Learning from the failed summit
By Moorthy Muthuswamy, July 2001
Let us ask ourselves what is really the long-term security objective of India that dictates Indo-Pak relations. It can be stated as stopping and finally reversing the Islamic expansion into the only secular land non-Muslims can live free and secure -- India.
If there is only a few Muslims left in India the threat from Pakistan is minimal. Indiaís preoccupation with itís security stems largely from Muslim sympathizers of Pak, particularly in Kashmir, Indiaís only Muslim Majority State. Also, Pak is finding more sympathizers in rest of India that is home to more Muslims than the entire population of Pak. The increasingly radicalized and alienated growing Indian Muslim population is a threat for Indiaís survival, since British India had been partitioned once before in the name of Islam. The alienation of Muslims is civilizational, hardly India specific -- seen from difficulties encountered by Muslims around the world and the associated armed rebellions.
Soon after the partition every Muslim majority region, be it Pakistan, Bangladesh or Indiaís very own Kashmir valley have been virtually cleansed off non-Muslims (and driven to India). Islamic Pakistan constitutionally discriminates against itís non-Muslim citizens in voting, employment and practice of faith. However, secular and democratic status of India is a reflection of itís Hindu majorityís tolerance and inclusiveness.
Thus, we reach an important conclusion: In South Asia, coexistence with Muslims is nearly impossible when Muslims are in majority and difficult when in substantial minority. There is no indication that there will be any progressive change in Muslim outlook for a foreseeable future Ė especially, not when retrogressive and influential Saudi Arabia sits on top of another 30 years worth of oil. Therefore, special efforts are needed to protect India and itís non-Muslim subjects.
How could Pakistan get away by conducting non-Muslim ethnic cleansing on one hand but support Muslim "self-determination" in India on the other? Given that India had been divided on the basis of Islam and was at the receiving end of the associated non-Muslim ethnic cleansing, one would expect India to be less apologetic about cracking down on Muslim extremists. But India still, even in this summit, has allowed Pakistan to claim the "moral high ground" of support of Kashmiri Muslim self-determination without taking Pakistan to task on non-Muslim ethnic cleansing. Non-Muslims have been reduced to a tiny minority in Pakistan and the Pakistani army killed and drove out a large number of non-Muslims in 1971 from the then East Pakistan.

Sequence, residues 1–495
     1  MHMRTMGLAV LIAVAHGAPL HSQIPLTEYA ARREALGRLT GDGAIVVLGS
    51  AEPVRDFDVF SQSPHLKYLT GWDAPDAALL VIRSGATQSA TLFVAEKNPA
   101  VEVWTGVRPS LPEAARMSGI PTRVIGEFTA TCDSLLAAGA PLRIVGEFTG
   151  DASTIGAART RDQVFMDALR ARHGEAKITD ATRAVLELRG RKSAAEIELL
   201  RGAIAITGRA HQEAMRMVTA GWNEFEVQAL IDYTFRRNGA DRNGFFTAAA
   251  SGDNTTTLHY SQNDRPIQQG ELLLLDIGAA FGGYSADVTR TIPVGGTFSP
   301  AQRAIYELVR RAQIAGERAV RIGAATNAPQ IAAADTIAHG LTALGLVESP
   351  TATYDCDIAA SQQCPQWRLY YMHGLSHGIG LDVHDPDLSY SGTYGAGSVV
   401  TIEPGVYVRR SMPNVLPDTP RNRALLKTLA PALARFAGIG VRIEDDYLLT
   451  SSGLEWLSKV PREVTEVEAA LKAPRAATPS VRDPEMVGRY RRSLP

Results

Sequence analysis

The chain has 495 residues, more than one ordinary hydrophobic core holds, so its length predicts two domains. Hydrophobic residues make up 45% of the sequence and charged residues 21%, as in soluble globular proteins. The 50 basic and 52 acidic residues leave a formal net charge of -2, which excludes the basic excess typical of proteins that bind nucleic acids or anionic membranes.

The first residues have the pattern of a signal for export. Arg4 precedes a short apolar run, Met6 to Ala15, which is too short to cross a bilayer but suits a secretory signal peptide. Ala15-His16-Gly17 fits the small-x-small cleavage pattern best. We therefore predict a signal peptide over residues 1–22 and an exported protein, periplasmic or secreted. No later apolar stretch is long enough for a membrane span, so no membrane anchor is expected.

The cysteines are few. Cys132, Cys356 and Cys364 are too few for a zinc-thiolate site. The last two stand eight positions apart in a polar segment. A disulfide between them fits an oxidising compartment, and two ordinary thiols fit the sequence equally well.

If India could make counter territorial claims on Pak for its part in non-Muslim ethnic cleansing, it would have certainly put Pak on the defensive. Not being able to neutralize this "moral high ground" bares the intellectual inadequacies of Indian establishment. This failure would imply that Pak would continue its proxy war with India as usual Ė as seen from the summit pronouncements. Even though the summit stalled over Kashmir, Pak has been able to articulate itís Kashmir position well without an effective counter punch from India except the usual and highly ineffective "stop cross-border terrorism" howling.
If India could not bring itís own Muslims, including Kashmiri Muslims, into main stream, what does it hope to achieve through any form of people-to-people contact between the two nations? In fact, the Hindu-Muslim divide in India is only increasing. The "confidence building" measures such as easier visa access to India, proposed by BJP-led government will further infiltration of extremists, while doing nothing to encourage non-Muslim Indians to visit Pak Ė hardly a mode for developing people-to-people understanding. Implementation of the above measures would mean more migration of Muslims into India.
This failed summit has come across as a one more wasted exercise that has further eroded Indiaís security interests. Reluctance by Indian media and others in the Indian establishment to discuss Islamic extremism related issues comprehensively in the fear of "hurting" Muslim sentiments has left Indians unable to focus or understand the issues involved. This is the reason, time and again India has come across as a soft state not knowing what it wants and unable to act decisively. The events of the last fifty years have shown that Islamic extremism can only be wished away to Indiaís and itís non-Muslim citizenís peril.